These help me to identify areas of need with my students when I pull them for small group writer's workshop lessons.
I have to remind myself that this is a pre-assessment when I see the quick finishers or those who have only a main idea paragraph filled with dialogue.
In this video I explain the focus of the components of these prompts and why I added them. I also review what misconceptions and lower understandings my students had and how I can make adjustments or lessons to address each. Hope it helps in your prompt development, too!
Peer and Self Editing
When the signal sounds I ask students to take out their red pens. In this assessment I only had two who didn't complete their story on time and I had them finish it in the hallway. On the pre=assessment they tend to finish more quickly because they don't add all the sections and possibly because they don't give the higher effort due to the realization this is a pre-test not a post-test. If you have more then you can also consider splitting this lesson into two days to ensure they have the time to feel successful before they are asked to edit with a peer.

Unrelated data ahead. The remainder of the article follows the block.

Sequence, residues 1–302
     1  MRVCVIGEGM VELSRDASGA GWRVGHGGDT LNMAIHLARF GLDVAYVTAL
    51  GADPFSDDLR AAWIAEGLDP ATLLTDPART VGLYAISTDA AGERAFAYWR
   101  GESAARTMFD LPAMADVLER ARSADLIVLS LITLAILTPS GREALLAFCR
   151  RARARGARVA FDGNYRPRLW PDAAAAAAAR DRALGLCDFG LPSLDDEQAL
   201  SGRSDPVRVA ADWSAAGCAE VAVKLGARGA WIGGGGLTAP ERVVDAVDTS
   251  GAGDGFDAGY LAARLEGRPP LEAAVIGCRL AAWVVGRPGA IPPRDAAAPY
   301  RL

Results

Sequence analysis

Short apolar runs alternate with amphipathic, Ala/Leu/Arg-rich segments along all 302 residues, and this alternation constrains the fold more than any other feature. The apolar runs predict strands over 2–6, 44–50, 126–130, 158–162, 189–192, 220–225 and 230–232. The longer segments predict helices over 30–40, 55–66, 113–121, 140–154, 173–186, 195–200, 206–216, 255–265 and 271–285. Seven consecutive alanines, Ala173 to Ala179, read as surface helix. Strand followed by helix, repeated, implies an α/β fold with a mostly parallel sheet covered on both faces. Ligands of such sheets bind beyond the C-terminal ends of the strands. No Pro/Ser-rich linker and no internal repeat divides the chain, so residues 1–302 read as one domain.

My favorite part! I pull sticks randomly to group students together to peer edit each other's writing. If you are short on time, this section could also be started on the second day to give them adequate time to share, think, plan and rewrite their pre-tests. I do this right after the pre-assessment to help them get exposure to the components of a narrative story, to get them comfortable with sharing with each other (first unit of our year), and to help them evaluate their own writing because we will be doing this for every section they write. They have practiced this in the prior year so it is not new to them (If your students do not have much exposure to this you may want to save this until a later writing assignment after you have taught each of the sections of the diamond)
Before they are released to read and evaluate side by side, I review the rubric with them and the definitions of each of the narrative sections. This one is a bit different than the one they had for their assessment because I want them to determine how many of the sections of our narrative diamond graph they have in their and their peer's writing.